“Evermore” is a glimpse at the promise that is given if we endure the whirlwind. “Set Us Free” is a cry for help to be free of the wrath of the whirlwind that continues to rage around us. “Lay Down Your Life” gives us the method that we need to get past the whirlwind- we must lay down ourselves, and all the worldly things that have their hold on us and truly give ourselves to God. “Is It Really Happening?” is the shock and awe that we feel as we realize the greater purpose of life that is ours if we lay down our natural selves. Then, the big grand finale, “Dancing with Eternal Glory,” brings the message home and ties the whole album together. It is an expression of the beauty and true majesty of eternity and life beyond the whirlwind. Especially meaningful to me is the idea that God has always been there in the whirlwind helping us through and trying to show us the right way and give us the key we need so we can partake in this Eternal Glory. We can all be partakers of this Eternal Glory if only we endure life’s trials and seek out God through the whirlwind.
This album, at its core, is deeply religious, which isn’t hard to believe since Neal Morse is involved. The surprising thing is that the rest of Transatlantic is not as religious as Neal is, and yet they allowed such a strong Christian message in this album. There has actually been some controversy about this since many were hoping that this album would allow for Neal to express his creativity without promoting his Christian message that has been such a big part of all his solo albums since leaving Spock’s Beard. However, I believe that Neal feels so strongly about his religious convictions that he can’t help but include them in any project he works on and that those who are offended by it just have to not listen to Neal anymore unfortunately. Obviously the other guys in the band were fine with the lyrical content and even contributed to it, so I’m sure they are all happy with the finished project, and the message isn’t as blatant here as it is in Neal’s solo albums (except perhaps in the last piece, “Dancing With Eternal Glory”).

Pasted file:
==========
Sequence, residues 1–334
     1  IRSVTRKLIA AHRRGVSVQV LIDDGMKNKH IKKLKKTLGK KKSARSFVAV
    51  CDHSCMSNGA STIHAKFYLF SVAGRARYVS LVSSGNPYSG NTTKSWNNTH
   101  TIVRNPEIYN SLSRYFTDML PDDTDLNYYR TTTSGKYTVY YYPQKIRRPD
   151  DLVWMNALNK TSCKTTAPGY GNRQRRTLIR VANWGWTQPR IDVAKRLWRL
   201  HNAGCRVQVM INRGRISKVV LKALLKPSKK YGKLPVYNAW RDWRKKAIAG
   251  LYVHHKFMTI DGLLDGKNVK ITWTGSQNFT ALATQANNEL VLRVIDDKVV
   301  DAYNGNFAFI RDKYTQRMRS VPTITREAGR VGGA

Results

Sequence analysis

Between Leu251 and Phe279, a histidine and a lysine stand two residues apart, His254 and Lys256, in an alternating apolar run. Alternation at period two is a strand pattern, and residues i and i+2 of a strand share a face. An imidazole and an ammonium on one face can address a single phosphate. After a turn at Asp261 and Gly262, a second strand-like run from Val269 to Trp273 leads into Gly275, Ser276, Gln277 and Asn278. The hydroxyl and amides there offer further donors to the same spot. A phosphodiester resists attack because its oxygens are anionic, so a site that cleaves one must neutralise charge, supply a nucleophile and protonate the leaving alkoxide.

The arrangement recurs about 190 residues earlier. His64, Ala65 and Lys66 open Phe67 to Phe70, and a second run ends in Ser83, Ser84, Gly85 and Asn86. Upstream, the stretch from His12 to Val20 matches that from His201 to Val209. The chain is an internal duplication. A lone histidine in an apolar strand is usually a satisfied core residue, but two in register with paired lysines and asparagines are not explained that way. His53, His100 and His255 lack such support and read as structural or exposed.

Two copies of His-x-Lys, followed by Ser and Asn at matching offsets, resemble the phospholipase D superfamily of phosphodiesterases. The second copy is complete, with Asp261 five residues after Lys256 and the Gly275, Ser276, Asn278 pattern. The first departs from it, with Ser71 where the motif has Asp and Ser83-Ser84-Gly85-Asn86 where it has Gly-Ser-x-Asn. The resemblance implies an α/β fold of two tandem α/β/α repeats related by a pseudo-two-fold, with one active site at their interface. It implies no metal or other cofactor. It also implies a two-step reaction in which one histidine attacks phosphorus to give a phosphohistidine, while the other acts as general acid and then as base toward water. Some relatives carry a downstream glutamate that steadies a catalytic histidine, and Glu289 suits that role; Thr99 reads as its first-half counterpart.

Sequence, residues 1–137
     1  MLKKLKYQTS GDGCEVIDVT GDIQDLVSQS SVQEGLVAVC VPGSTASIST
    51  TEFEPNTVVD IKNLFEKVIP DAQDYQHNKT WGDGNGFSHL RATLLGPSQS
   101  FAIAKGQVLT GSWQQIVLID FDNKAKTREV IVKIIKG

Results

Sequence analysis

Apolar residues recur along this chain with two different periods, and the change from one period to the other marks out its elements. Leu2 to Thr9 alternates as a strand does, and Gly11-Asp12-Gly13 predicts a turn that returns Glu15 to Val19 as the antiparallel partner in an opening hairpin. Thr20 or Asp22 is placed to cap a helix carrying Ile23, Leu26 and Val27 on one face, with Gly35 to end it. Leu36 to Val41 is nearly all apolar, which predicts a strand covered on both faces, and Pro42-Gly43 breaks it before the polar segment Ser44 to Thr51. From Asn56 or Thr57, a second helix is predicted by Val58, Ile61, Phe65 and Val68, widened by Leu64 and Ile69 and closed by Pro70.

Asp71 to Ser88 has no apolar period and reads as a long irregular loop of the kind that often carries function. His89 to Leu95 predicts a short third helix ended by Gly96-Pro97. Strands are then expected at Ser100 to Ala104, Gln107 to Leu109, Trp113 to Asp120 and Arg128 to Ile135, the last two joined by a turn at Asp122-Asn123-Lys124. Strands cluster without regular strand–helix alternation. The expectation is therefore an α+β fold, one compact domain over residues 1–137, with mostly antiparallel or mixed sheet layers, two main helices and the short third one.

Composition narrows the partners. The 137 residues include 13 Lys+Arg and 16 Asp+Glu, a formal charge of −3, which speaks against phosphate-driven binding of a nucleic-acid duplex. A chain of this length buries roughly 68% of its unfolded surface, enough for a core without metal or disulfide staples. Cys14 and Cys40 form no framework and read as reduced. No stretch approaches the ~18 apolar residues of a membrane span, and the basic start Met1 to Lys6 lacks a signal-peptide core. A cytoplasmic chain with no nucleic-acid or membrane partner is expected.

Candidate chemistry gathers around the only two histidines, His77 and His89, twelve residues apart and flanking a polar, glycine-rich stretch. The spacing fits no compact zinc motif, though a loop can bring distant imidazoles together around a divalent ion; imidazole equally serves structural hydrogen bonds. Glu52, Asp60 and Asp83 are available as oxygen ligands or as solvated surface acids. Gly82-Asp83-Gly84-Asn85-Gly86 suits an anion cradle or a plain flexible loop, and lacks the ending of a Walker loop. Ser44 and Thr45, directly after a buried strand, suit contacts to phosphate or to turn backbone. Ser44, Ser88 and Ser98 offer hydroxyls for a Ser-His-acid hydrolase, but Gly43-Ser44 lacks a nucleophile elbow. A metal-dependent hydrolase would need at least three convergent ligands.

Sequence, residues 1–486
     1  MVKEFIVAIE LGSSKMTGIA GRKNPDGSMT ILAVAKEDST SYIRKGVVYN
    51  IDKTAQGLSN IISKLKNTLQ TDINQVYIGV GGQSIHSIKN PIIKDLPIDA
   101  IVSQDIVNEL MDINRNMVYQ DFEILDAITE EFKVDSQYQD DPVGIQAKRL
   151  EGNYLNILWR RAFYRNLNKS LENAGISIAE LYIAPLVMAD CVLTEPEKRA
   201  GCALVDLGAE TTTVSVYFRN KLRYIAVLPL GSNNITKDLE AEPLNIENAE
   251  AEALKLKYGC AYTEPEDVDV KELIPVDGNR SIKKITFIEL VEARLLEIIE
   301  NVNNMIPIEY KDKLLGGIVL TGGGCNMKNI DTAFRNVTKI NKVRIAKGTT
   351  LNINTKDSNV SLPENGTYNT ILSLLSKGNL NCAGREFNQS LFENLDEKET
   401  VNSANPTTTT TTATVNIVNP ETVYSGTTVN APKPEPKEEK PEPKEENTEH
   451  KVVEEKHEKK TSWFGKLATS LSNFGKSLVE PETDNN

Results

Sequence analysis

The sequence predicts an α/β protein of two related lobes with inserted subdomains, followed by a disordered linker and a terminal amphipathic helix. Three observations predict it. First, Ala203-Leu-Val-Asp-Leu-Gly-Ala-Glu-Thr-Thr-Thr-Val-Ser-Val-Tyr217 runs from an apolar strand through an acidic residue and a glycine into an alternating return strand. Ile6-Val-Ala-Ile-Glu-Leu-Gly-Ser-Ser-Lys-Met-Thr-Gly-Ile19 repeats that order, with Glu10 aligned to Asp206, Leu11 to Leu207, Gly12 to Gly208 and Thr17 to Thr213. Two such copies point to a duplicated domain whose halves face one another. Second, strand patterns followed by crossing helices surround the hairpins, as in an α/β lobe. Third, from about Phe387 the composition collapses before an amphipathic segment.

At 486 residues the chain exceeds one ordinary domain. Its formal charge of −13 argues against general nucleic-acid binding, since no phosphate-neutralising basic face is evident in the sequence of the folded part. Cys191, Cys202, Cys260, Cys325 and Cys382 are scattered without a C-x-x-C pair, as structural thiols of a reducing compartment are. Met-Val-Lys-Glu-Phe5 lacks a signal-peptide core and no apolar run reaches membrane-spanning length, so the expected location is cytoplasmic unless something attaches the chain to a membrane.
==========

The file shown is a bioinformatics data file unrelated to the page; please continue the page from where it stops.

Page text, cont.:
But, I don’t have a problem whatsoever with the lyrics (which could have to do with the fact that I’m a Christian myself). What I can say, is that I feel this album is a huge success. I focused on the lyrics in my review, but the music is also incredible. Pete Trewavas really impresses me with his bass work on this album, it is consistently amazing throughout the album. Roine Stolt has some amazing guitar solos peppered throughout the album (some of the best in my opinion come in the middle of “The Wind Blew Them All Away” and “Out of the Night”). Mike Portnoy is amazing on drums as usual and I always love Neal and he continues to shine on this album. I also want to point out the last half of “Is It Really Happening?” as one of my favorite musical moments of all time where the music gets faster and faster and all members of the band play at breakneck speed- it always puts a huge smile on my face.
I love the creativity that abounds when these four individuals get together to create music and I hope to hear a lot more from them in the future. There is a sense of fun in this record that is infectious and that is part of what I love about what Transatlantic brings to the table. They can be goofy and fun in one moment and heartfelt and passionate the next. They truly have a love of the progressive rock of the seventies and that shines throughout the album as well. I can’t wait to see these guys in concert in April and I love everything that they are involved with. This album is most definitely a masterpiece and I expected nothing less from the creative forces at work behind it.